Welcome back! Next week I have a performance coming up playing exclusively Cannonball Adderley repertoire, As a result, I've been back listen to the man himself, specifically the album mentioned in post 2, 'Julian 'Cannonball' Adderley.' The tune I have gravitated toward this week is called 'Hurricane Connie.' This track isn't on YouTube, similar to 'rose room' though you can buy 12 classic Cannonball albums for £3.49 from iTunes,(follow the link). The 12 classic albums includes the song 'rose room,' among many others - It's thoroughly worth investing in!
The tune 'Hurricane Connie,' is based upon a song form & progression called 'rhythm changes.' This is form and chord progression was composed from a song called 'I got rhythm,' in 1930 by George Gershwin. Click the link to see a restored video of him playing from 1931. The amazing thing is that this chord progression and form (AABA) is still be still being used to play and compose over today!
A 'rhythm changes' is a very common chord progression and form (AABA), used time and time again to compose melodies over. Over time musicians have composed new 'heads' (jazz terminology for melodies) over this existing form as well as developing the harmony. If you don't understand form like AABA or chord progressions, don't worry, I'll be covering some in upcoming posts!
Back in post 2, I mentioned writing 'contrafacts,' composing a new melody over a pre-determined chord sequence. Why is the this useful to know/ relevant? Well, a couple of reasons:
1. Once you've learnt a rhythm changes chord progression & have practised soloing, you can use jazz language/ patterns, shapes etc for improvising on a number of various songs! Helping to make your improvising skills instantly adaptable to a new song.- hoorah!
2. You are able to play other 'heads,' in your solos whilst playing a different song! This is called 'quoting,' and happens frequently when some jazz musicians improvise. A master of this was Phil Woods. find out more about him on his website.
A quick warning.
You need to be slightly weary whilst quoting other heads over different rhythm changes chord progressions. This is because sometimes the chord types in the progression vary slightly. This can be enough to make some heads not sound quite right over other rhythm changes progressions.
This is the case with parts of 'Hurricane Connie,' but this is something I'll cover in more detail at a later date. My advice would be, If you can, use a combination of theory & your ears to work out/hear if it is going to sound good. If theory isn't a strong point, just use your ears! Ultimately - if it sounds bad or not quite right - don't use that particular head, pick a different one to quote instead!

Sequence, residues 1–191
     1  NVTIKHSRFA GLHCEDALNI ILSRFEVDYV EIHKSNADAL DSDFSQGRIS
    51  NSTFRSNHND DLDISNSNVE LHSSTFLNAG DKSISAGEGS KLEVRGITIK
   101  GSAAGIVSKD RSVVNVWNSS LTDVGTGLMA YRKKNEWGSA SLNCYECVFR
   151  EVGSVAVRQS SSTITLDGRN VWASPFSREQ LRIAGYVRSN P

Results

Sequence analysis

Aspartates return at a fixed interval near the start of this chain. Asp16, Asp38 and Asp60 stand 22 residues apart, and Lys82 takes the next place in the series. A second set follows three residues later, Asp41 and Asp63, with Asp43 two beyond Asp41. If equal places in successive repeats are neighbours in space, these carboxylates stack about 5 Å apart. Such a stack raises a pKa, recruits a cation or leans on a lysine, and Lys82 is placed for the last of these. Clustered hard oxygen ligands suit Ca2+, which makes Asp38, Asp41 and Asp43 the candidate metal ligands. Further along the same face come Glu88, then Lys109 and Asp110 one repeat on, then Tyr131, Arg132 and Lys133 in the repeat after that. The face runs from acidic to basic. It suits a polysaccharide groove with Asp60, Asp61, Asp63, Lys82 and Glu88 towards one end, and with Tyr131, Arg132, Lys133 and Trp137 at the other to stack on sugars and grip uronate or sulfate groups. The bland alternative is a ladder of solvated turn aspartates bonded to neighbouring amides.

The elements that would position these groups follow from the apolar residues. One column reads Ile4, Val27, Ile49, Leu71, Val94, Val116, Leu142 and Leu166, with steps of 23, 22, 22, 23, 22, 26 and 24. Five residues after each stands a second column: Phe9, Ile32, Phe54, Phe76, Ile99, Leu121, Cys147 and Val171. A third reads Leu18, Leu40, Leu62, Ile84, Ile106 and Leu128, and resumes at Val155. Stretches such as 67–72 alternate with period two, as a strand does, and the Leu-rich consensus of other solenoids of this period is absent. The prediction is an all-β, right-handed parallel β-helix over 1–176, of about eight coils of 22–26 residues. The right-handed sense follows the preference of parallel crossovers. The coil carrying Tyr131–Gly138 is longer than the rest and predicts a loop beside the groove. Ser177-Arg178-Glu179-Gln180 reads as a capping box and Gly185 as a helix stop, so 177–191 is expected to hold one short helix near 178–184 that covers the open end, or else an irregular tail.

Here are the parts for 'Hurricane Connie.'
More rhythm changes heads...
Here are a few songs which are written over the rhythm changes form.
The list goes on - If you know any other heads, it'd be great to know of them, so post them in the comments below!
I've included a play-along for practising improvising 'Hurricane Connie.' Again, It's only midi - but still serves it's purpose. You have 3 speeds to choose from, start slow and ensure that you're getting the correct phrasing. Ideally, buy the track and then play along with it slowed down!
Remember, getting the notes and rhythm correct is only half the job, which hopefully my parts will make easier. Remember, whilst you play along to the recording/ midi you need to get all the nuances. For example bends, vibrato, accents etc. There's no shame in replicating - it's the highest form of flattery and will continue to help you 'pay your dues.'
Anyhow, until next time, keep practising & listening.
All the best and catch you soon.
P.s. If this is helpful/useful or you have any questions/suggestions/ requests please comment below or even get in touch via my email. Again, good luck & until next time good luck!
Discover, Learn & Play.
A blog aimed at discovering artists, songs and learning to play along the way. All of this alongside other useful tips.